By Charlotte England on February 12, 2017
Guadalupe García de Rayos was 14-years-old when she moved to the US from Mexico.
After she was caught using a fake Social Security number during a raid in 2008 at a water park where she worked, she had been required to attend an annual meeting with US Immigration and Customs Enforcement.
After a review of her case and some questions, in previous years she had been allowed to leave.
In 2013 she was allowed to stay in the United States even after a judge issued a deportation order against her because she did not pose a threat to anyone, and did not fit any of Mr Obama’s criteria for priority deportation.
But this year her meeting with ICE ended differently and she was taken into custody and ordered to be deported.
Her detention sparked protests in Arizona, where one man tied himself to the wheels of an immigration van she was in and at least six demonstrators were arrested.
Immigration advocates said they believed her deportation reflects the Trump administration’s hard line on illegal immigration.
“ICE had done what President Trump wanted — which is deport and separate our families,” Carlos Garcia, the director of immigration rights group Puente Arizona, told CNN.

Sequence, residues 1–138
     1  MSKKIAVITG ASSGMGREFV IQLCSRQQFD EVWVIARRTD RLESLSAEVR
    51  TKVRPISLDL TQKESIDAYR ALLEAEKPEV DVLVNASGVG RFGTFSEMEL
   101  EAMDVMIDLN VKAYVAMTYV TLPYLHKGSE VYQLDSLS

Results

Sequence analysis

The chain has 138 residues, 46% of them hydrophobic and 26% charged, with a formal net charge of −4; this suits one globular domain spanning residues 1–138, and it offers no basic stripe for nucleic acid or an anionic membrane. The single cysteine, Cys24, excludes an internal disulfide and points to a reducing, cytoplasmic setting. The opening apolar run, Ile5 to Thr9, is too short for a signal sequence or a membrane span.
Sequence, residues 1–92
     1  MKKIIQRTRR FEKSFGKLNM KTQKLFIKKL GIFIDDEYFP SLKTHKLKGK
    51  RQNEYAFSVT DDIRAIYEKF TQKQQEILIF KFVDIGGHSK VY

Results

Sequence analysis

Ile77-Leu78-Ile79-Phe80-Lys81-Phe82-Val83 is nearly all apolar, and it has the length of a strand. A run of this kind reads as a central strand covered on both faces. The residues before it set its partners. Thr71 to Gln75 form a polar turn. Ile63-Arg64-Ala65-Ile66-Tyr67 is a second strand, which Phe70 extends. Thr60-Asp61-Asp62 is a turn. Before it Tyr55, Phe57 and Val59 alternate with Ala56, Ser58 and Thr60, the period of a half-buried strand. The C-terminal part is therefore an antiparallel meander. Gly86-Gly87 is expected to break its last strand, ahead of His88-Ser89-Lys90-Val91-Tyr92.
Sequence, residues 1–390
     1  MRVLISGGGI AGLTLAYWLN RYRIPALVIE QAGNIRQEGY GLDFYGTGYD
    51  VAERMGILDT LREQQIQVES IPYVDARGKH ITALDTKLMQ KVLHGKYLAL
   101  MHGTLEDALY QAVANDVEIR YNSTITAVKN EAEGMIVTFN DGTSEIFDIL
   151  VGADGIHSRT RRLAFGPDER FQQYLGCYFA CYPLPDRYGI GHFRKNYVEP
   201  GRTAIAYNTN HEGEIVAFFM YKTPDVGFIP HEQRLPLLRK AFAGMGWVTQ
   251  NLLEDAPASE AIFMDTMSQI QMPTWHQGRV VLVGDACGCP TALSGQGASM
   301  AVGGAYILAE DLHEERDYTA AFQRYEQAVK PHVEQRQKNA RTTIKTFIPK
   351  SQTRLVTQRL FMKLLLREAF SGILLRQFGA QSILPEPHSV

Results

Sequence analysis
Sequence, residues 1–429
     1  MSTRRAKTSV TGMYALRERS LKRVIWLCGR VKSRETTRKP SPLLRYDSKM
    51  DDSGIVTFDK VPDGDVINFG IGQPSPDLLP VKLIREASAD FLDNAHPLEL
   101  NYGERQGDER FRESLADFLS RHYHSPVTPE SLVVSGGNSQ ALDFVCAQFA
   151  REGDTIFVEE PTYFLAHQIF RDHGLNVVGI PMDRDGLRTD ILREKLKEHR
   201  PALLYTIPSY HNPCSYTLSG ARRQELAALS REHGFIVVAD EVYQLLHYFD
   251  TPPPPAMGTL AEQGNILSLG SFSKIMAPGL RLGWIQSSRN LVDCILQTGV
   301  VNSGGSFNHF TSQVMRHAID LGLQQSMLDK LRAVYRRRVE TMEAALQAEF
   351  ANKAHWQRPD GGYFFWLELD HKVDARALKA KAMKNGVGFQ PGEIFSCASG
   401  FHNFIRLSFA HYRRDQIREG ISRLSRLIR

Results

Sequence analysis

While President Obama’s administration prioritized deporting people who were deemed a threat to public or national safety, had ties to criminal gangs, or had committed serious offences or a number of smaller crimes, Mr Trump’s definition of “criminal alien” is so broad it could be applied to the majority of unauthorized immigrants.
But in an executive order, Mr Trump stipulated last month that undocumented immigrants convicted of any criminal offence — even those who have not been charged but are believed to have committed “acts that constitute a chargeable criminal offense” — have become a priority for deportation.
Thousands of others now face similar treatment when they report for their regular immigration checks, lawyers from two leading civil rights groups have said.
“We’re living in a new era now, an era of war on immigrants,” Ms Rayos’s lawyer, Ray A Ybarra Maldonado, told the New York Times.
Cecillia Wang, deputy legal director of the American Civil Liberties Union, also called Mr Trump’s internal enforcement order “alarming”, because it gave federal agents the power to decide who is and who is not a threat to security. Mr Trump “took the gloves off agents and has permitted these agents to go after immigrants regardless of their ties and contributions to the United States” she said.
Source: the Independent